What the US Court of Appeal’s ruling tells us is that it we need to be fully aware of the importance of internet neutrality. Defending the web from the greed of the operators is one of the biggest tasks we face. An internet where operators can arbitrarily degrade or prioritize the transmission of certain data will turn into television, where only those who can afford a license can broadcast. This is an extremely important issue. Preserving the neutrality of the internet means preserving the internet’s future.
Below, the column in full:
Back to the neutrality of the net
Last week, the US Court of Appeal backed Verizon’s complaint against the Federal Communications Commission, accusing it of overstepping its authority by trying to keep the internet neutral by barring internet providers from favoring one type of traffic over another.
The neutrality of the internet is essential: it defines what the internet is. The internet is, by definition, neutral: all the bits circulating on it, whether they come from my personal page or that of a large corporation, circulate at the same speed. If the connection is poor, the bits will arrive very slowly, but everybody’s will arrive slowly. This principle, that all data packages should be treated the same, has generate a level playing field, making the internet what it is today.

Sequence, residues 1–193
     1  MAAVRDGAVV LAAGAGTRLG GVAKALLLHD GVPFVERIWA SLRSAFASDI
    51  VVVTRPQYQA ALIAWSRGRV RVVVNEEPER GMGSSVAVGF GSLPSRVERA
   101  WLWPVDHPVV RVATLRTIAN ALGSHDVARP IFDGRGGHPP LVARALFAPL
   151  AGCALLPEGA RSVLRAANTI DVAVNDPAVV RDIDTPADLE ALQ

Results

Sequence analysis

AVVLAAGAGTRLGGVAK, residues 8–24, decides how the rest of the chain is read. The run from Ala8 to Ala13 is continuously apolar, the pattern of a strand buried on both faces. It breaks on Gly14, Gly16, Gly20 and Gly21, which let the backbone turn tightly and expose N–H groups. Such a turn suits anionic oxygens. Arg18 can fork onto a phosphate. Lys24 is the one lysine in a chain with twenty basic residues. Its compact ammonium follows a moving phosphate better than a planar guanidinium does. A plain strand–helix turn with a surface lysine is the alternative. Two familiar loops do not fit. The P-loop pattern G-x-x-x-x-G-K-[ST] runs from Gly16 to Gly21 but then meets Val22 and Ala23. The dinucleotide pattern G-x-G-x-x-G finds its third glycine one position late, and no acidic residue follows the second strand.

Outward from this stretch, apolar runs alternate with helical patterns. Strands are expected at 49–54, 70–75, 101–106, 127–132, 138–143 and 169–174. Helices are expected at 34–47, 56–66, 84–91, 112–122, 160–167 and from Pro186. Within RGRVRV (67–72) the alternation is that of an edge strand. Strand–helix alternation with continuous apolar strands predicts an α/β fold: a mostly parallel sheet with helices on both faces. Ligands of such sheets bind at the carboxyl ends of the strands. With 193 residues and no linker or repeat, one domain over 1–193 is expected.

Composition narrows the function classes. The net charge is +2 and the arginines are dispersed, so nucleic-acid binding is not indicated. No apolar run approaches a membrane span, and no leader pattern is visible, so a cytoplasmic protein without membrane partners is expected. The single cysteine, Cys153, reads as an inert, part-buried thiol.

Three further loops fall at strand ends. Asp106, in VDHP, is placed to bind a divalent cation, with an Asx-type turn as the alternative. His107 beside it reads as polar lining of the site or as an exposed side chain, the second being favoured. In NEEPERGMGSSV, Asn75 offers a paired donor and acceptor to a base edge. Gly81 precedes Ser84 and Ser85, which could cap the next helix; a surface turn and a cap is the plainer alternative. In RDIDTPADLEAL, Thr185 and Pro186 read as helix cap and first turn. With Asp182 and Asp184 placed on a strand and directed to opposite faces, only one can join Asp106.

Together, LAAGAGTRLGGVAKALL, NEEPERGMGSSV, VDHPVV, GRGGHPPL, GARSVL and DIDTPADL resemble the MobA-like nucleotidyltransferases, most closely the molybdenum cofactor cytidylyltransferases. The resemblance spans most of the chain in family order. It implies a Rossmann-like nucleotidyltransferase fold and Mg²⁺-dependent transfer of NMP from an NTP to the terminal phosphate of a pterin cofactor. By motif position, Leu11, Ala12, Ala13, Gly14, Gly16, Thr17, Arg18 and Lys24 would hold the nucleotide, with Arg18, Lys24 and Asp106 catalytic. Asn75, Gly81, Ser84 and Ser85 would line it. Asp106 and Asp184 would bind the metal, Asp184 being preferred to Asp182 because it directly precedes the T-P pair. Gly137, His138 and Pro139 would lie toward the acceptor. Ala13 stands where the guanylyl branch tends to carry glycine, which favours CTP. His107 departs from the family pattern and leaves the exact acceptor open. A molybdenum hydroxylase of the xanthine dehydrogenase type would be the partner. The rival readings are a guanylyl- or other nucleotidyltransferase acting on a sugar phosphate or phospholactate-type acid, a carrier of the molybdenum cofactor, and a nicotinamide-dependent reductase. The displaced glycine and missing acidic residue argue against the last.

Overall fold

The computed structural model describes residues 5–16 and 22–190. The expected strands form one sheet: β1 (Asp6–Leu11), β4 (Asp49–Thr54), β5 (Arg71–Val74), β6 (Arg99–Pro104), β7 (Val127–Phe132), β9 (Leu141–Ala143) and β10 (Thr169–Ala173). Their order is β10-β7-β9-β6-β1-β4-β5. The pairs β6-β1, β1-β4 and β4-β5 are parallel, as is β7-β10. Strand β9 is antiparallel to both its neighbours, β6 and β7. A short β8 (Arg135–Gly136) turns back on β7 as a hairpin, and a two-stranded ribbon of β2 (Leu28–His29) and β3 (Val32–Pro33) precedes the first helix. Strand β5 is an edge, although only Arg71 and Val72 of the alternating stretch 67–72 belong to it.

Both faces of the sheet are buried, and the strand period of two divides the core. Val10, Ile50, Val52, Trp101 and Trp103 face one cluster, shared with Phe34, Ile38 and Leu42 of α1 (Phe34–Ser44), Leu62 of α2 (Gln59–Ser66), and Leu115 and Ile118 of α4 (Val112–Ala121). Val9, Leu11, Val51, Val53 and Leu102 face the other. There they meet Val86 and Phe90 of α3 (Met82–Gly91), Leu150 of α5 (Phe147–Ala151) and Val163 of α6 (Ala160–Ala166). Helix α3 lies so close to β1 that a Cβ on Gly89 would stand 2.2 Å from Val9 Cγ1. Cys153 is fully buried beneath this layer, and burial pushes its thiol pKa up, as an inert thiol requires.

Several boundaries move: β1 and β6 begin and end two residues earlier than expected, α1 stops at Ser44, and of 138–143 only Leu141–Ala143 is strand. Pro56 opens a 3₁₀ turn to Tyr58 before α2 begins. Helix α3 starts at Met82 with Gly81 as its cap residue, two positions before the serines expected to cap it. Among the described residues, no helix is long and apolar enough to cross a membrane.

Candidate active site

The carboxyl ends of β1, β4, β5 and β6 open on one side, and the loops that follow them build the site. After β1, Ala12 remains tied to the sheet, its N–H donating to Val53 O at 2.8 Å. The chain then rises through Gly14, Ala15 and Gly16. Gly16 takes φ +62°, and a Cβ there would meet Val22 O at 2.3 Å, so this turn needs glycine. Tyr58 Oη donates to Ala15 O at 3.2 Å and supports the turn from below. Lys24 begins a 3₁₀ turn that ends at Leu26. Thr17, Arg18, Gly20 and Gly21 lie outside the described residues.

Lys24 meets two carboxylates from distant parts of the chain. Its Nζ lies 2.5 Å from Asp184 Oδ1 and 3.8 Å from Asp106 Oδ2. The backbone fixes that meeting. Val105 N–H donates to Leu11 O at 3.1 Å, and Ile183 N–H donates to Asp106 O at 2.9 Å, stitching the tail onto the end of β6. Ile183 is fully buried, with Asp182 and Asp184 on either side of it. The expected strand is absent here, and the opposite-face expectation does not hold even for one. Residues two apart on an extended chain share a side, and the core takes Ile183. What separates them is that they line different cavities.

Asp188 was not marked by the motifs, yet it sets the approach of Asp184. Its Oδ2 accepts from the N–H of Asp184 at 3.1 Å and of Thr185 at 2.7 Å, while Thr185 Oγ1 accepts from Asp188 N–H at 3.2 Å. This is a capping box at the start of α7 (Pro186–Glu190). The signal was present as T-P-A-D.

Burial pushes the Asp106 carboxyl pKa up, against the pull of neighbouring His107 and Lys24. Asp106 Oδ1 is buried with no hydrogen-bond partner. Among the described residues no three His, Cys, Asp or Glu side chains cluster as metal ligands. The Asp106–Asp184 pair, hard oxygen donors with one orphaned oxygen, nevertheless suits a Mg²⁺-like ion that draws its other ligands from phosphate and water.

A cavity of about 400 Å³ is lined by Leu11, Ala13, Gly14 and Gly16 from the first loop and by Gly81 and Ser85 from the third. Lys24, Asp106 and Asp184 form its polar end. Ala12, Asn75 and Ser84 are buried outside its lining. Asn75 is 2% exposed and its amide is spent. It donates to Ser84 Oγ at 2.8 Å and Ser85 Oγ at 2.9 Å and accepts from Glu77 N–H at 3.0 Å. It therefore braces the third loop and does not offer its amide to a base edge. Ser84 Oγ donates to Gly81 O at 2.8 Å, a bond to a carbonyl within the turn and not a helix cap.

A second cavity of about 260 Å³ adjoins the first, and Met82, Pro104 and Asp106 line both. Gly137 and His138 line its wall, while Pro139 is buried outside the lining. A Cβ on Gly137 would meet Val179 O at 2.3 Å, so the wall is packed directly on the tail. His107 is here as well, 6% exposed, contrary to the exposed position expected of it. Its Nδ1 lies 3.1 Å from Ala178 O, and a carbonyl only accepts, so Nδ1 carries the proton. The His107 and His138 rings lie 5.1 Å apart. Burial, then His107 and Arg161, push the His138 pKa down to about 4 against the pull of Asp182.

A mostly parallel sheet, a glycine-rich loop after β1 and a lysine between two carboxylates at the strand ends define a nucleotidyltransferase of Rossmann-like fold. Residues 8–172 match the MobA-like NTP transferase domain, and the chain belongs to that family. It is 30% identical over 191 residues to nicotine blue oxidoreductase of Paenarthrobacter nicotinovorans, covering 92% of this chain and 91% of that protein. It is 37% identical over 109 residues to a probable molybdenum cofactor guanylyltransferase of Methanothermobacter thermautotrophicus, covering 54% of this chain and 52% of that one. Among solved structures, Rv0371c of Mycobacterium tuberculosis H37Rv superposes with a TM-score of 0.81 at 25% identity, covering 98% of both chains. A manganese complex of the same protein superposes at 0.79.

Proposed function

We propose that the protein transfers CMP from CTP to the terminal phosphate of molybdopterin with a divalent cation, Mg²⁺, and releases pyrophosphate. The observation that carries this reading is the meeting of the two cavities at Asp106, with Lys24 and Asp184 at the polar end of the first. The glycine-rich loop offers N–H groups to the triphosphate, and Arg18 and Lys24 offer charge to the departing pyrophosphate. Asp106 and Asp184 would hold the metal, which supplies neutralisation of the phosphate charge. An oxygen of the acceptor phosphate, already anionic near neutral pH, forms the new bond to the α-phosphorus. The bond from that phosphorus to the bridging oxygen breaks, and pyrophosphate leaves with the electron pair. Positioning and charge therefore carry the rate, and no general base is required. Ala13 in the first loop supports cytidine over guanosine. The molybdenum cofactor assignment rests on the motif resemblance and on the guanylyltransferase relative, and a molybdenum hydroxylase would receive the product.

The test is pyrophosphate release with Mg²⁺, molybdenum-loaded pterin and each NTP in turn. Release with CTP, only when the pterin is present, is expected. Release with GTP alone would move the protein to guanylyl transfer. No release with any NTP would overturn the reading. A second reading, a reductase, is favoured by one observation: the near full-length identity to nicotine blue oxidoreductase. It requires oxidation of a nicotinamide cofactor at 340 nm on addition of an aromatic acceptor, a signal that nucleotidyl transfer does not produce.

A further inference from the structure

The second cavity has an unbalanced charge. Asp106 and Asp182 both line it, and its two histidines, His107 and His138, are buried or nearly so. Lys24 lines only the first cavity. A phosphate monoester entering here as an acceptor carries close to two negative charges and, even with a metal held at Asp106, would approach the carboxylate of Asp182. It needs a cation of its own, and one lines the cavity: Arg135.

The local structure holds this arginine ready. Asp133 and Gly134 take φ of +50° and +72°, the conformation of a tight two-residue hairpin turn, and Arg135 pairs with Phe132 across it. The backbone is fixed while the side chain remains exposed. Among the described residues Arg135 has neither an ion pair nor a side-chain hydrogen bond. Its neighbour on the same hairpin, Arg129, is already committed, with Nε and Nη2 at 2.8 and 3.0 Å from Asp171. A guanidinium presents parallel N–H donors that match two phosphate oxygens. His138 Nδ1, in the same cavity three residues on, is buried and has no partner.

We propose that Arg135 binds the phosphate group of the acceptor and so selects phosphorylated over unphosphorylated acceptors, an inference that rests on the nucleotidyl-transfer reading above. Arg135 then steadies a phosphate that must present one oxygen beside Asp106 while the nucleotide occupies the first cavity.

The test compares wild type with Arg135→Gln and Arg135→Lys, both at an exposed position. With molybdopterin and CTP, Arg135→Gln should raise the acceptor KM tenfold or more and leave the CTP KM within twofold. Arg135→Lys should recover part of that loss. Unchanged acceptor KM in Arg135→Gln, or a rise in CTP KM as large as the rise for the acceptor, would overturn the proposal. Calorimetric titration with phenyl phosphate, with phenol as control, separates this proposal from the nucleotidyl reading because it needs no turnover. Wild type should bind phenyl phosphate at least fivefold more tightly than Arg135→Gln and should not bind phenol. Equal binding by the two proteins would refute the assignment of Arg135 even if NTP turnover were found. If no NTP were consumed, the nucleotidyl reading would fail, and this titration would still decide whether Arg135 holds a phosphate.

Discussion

But the telecommunications providers would like it otherwise. They want the right to be able to charge companies more to send their data more quickly. This would change the nature of the internet, with toll roads for those who can afford them, and dirt tracks for the rest of us. Goodbye to the democratizing potential of the internet.
Is the end of the internet as we know it? No, because there is still the Supreme Court to fall back on, and because, basically, the ruling does not say that the FCC has no say in this matter, simply that it has to regulate the internet using the right means. Obama has said that he is prepared to establish the internet’s neutrality, and to protect it from the telecoms companies greed. That’s a good sign. This is a matter that really does affect us all.
(En español, aquí)